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Dental Care for Your Dog

ID-10076707Four out of five dogs have periodontal disease. Yet, we spend far more time and energy focusing on our teeth with toothpastes, specialty toothbrushes, mouthwash, floss and teeth whitening strips. It’s easy to often forget about our pet’s dental needs, but that cause major problems and even shorten their life span. Pets can have the same problems that we can have if we don’t take care of their teeth (periodontal disease, gingivitis, bad breath, bleeding gums, gum disease, mouth tumors/cysts and a shortened life).

Taking care of our pet’s teeth is similar to our own dental hygiene. To start out, inspect your dog’s gums and teeth to look for any signs of problems (inflammation, bad breath, red gums, bleeding, plaque, broken or missing teeth).  You will want to lift up their lips for a good inspection of their teeth and gums once a week. If there are any signs of a problem, take your dog to Celebration Veterinary Hospital (if you are in or near Celebration, Florida) so that our professionals can check your dog.

If there are no signs of problems, it is time to choose a dental regiment that you will keep up with. An easy option is to put a capful of dog dental rinse (don’t use your own dental rinse, as it is dangerous for your pet) in a quart of water. When dogs drink from their drinking water, it will help their dental hygiene. You can also give your dog treats that are specifically designed for dental hygiene, which work as an edible toothbrush. Having chew toys are also helpful to remove some plaque as they chew away.  It takes time and energy, but it is important to brush your dog’s teeth at least 2 – 3 times a week. Don’t start out immediately brushing their teeth, but help them get used to the idea and the taste of it. You know your pet and when your pet is comfortable with one step, move to the next. You might have to work on a step for a few weeks to get them comfortable, though. First, start by massaging their lips like you were brushing their teeth to help them adjust to you touching their mouth like this. Then, massage their teeth in the same way in a circular motion. Afterwards, purchase a dog toothpaste and put a bit on their lips to get them used to the taste. Now, it’s time to start with a dog toothbrush (don’t use a human toothbrush). There are also dog toothbrushes that you can put on your finger to use. When they are used to you touching their teeth, the taste of toothpaste and the toothbrush, it is time to start brushing their teeth. Brush in a circular motion, just like we are taught to do for our teeth. Pay special attention to the part of the tooth that touches their gums, as that is where most plaque builds up.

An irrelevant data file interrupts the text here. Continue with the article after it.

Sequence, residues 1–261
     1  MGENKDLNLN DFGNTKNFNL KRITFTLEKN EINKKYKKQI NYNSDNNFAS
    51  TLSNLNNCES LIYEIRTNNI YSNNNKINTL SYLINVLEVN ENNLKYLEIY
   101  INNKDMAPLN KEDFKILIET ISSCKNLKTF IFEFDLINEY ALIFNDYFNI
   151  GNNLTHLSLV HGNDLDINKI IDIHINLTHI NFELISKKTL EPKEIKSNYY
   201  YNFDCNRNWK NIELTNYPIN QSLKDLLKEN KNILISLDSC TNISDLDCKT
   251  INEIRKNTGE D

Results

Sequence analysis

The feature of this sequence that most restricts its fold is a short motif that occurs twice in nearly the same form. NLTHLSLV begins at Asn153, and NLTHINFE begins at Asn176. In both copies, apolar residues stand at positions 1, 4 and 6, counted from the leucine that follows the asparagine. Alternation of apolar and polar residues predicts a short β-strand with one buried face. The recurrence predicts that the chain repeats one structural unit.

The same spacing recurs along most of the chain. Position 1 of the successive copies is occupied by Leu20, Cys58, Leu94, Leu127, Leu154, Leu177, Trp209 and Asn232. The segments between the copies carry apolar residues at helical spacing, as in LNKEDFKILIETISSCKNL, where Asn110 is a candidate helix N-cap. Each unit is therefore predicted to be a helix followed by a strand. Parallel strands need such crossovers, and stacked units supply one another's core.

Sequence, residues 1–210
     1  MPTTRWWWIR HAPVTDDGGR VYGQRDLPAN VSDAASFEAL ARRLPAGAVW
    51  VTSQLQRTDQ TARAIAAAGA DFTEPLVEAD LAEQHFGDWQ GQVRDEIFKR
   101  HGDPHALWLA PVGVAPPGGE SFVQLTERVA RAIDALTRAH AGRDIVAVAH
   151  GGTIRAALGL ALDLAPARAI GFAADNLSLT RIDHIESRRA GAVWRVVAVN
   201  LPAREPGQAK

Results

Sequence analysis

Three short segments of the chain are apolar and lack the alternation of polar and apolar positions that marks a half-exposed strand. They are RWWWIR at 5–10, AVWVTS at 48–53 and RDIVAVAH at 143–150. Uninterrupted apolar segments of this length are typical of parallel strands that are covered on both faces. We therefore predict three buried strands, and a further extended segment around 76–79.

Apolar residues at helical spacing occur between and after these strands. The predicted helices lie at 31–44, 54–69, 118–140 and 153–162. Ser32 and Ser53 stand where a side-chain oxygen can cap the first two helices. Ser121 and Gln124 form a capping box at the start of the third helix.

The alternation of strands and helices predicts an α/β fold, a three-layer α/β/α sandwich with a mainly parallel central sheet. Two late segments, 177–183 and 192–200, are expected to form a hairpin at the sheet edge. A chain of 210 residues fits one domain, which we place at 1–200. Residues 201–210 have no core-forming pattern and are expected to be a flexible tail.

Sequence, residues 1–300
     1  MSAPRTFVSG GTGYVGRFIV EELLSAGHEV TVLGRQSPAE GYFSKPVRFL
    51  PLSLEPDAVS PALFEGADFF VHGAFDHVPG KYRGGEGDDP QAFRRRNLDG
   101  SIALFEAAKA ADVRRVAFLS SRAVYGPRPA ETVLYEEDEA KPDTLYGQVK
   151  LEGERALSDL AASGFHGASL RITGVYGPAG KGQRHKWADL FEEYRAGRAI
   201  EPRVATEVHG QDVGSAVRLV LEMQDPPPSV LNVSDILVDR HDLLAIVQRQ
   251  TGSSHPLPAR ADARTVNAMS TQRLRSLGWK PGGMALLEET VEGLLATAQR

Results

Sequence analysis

If you have specific questions about dental care for your pet, please contact Celebration Veterinary Hospital for an individual consultation.

Photo by Victor Habbick “Dog on Grass”

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